• As part of Azadi Ka Amrit Mahotsav, the Ministry of Culture organised a special ceremony at Shahjahanpur, Uttar Pradesh to mark the birth anniversary of renowned freedom fighter Shaheed Ram Prasad Bismil.
• On this occasion, Union Minister of State for Culture and Tourism (Independent Charge) participated in the ceremony and paid floral tribute to Pandit Ram Prasad Bismil.
About Pt. Ram Prasad Bismil
• Pt. Ram Prasad Bismil, born on 11th June, 1897 in Shahjahanpur was amongst the most notable Indian revolutionaries who fought against British colonialism.
• He wrote powerful patriotic poems in Urdu and Hindi under the pen name of Bismil from age of 19.
• He formed the Hindustan Republican Association with leaders like Bhagat Singh and Chandrasekhar Azad and participated in the Mainpuri conspiracy of 1918, and the Kakori conspiracy of 1925 with Ashfaq Ullah Khan and Roshan Singh to protest against the British Rule.
• He was martyred at Gorakhpur Jail on 19th December, 1927 just aged 30, for his role in Kakori conspiracy.
• While in jail, he wrote ‘Mera Rang De Basanti Chola’ and ‘Sarfaroshi Ki Tamanna’ which became the anthem for freedom fighters.
• Recently Maharashtra Chief Minister met Prime Minister and asked him for state-wide implementation of the ‘Beed model’ of the crop insurance scheme Pradhan Mantri Fasal Bhima Yogna (PMFBY).
How does the insurance scheme work?
• Launched in 2016, the flagship PMFBY insures farm losses against inclement weather events.
• Farmers pay 1.5-2% of the premium with the rest borne by the state and central governments.
• It is a central scheme implemented by state agriculture departments as per central guidelines.
• For farmers, the low rate of premium and relatively decent coverage make the scheme attractive.
• A premium of Rs 1,300 can insure an hectare of soyabean for Rs 45,000.
• Prior to 2020, the scheme was optional for farmers who did not have loans pending, but mandatory for loanee farmers.
• Since 2020, it has been optional for all farmers.
• In Maharashtra, over the years, more non-loanee farmers have enrolled, although it was optional for them.
• A total of 422 lakh farmers in the country had enrolled for the scheme paying a combined premium of Rs 3,018 crore (farmers share only) and insuring 328 lakh hectares in 2019-20.
• Till date, 184.9 lakh farmers have receive claims worth Rs 20,090 crore (according to the Fasal Bhima Yogna website; some kharif claims are yet to be finalised).
Why does the state wants changes?
• Delay in claim settlement, failure to recognise localised weather events, and stringent conditions for claims were among the concerns.
• Another complaint was about alleged profiteering by insurance companies.
• For Maharashtra, where farmers predominantly depend of monsoon rains to water their crops, the scheme soon turned out to be non-profitable for insurance companies given the high payments they had to make.
• As the table shows, payouts were close to or exceeded the premium collected in some years, leading to losses to insurance companies.
What is Beed model the state government wants implemented?
• Located in the drought-prone Marathwada region, the district of Beed presents a challenge for any insurance company.
• Farmers here have repeatedly lost crops either to failure of rains or to heavy rains.
• Given the high payouts, insurance companies have sustained losses.
• The state government had a difficult time getting bids for tenders to implement the scheme in Beed.
• During the 2020 kharif season, tenders for implementation did not attract any bids.
• So, the state Agriculture Department decided to tweak the guidelines for the district.
• The state-run Indian Agricultural Insurance Company implemented the scheme.
• Under the new guidelines, the insurance company provided a cover of 110% of the premium collected, with caveats.
• If the compensation exceeded the cover provided, the state government would pay the bridge amount.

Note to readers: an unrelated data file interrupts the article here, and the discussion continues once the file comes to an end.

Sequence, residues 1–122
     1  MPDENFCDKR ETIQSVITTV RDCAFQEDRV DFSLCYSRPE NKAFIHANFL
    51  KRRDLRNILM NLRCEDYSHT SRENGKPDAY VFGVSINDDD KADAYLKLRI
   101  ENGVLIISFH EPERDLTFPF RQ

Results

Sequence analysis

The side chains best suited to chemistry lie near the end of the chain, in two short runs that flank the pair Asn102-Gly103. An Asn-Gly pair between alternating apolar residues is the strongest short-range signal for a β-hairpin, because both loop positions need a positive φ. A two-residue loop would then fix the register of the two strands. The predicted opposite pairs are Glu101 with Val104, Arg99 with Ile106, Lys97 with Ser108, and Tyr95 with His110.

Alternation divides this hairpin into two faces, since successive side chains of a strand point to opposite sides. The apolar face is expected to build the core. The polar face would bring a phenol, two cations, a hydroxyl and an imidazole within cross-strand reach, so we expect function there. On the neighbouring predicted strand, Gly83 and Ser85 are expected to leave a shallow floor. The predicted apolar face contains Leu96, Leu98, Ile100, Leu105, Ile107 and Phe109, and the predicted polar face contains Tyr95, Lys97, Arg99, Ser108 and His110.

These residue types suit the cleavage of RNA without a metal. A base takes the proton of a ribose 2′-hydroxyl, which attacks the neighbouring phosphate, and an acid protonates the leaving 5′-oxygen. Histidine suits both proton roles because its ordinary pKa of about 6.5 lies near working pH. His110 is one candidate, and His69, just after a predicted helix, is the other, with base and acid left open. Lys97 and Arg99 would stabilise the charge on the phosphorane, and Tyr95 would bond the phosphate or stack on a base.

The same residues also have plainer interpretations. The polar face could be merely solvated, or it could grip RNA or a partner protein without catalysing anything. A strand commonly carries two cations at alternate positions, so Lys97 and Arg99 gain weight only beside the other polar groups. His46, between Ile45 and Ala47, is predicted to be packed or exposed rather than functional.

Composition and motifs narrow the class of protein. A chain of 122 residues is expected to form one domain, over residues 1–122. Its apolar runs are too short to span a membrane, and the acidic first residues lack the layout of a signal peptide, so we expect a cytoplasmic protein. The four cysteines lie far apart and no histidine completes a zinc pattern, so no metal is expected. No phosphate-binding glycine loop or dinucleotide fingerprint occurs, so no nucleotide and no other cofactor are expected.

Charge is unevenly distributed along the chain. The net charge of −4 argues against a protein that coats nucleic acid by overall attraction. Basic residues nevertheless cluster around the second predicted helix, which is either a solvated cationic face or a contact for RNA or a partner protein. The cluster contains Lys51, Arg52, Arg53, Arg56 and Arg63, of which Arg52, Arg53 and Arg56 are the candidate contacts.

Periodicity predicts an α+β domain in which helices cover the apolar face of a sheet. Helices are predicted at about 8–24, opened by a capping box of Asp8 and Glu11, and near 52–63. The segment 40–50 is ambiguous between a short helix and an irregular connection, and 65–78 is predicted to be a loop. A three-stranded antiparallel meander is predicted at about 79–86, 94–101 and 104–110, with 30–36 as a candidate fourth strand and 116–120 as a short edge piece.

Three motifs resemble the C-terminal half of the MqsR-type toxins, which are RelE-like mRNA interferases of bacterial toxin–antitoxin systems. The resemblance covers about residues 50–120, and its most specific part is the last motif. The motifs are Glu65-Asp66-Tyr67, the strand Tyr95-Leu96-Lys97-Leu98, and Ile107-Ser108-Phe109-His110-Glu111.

• If the compensation was less than the premium collected, the insurance company would keep 20% of the amount as handling charges and reimburse the rest to the state government.
• Last kharif season, Beed reported premium collection of Rs 803.65 crore (farmers’ share was Rs 60.82 crore while the rest was borne by the state and central governments).
• Kharif claims stood at Rs 8.61 crore, and thus insurance companies reimbursed the state with Rs 6341.41 crore of premium after deducting Rs 160.63 crore as handling charges.
Why is the government pushing for it for the entire state?
• The reason why Maharashtra is pushing for this scheme is that in most years, the claims-to-premium ratio is low with the premium being paid to the company.
• In the Beed model, the profit of the company is expected to reduce and the state government would access another source of funds.
• The reimbursed amount can lead to lower provisioning by the state for the following year, or help in financing the paying the bridge amount in case of a year of crop loss.
• For farmers, however, this model does not have any direct benefit.
• Chances of the model being implemented for the present kharif season appear slim.
• Questions remain on how the state government is going to raise the excess amount, and how the reimbursed amount would be administered.
Source: Indian Express
• The election of Maldives Foreign Minister Abdulla Shahid as the President of the 76th session of the United Nations General Assembly, that begins in September for 2021-22.
• Maldives also sees it as a win for the 52-member Small Island Developing States (SIDS), which are battling climate change vulnerability and other developmental challenges.
• In addition, in a year when events in Afghanistan will draw attention as U.S. forces begin to pullout.
• For India too, that helped Maldives canvass support, the outcome is welcome, not only because of its close ties with Male but also the high regard for Mr. Shahid, a key member of the Solih government.
• New Delhi should now ensure that the Afghan government carries no hard feelings, as some in Kabul had even hinted that India might wish to support Afghanistan as it had sacrificed its turn at the UNSC for India’s current term there.
• It would also be important to analyse why Kabul decided to field a candidate late in the race, and not withdraw despite it being clear that its South Asian neighbour was ahead, and did not consult India closely on the process.
• The focus now shifts to his tenure and South Asian issues such as the impact of the coronavirus pandemic and equitable access to vaccines.
• Given that the previous President of the General Assembly, from Turkey, had ruffled feathers with his remarks in Islamabad that Pakistan was “duty” bound to raise the Jammu and Kashmir dispute “more strongly” at the UN, Mr. Shahid’s tenure is expected to see a far smoother term for India, especially as the Modi government focuses on showcasing the country at the UN during India’s 75th Independence anniversary next year.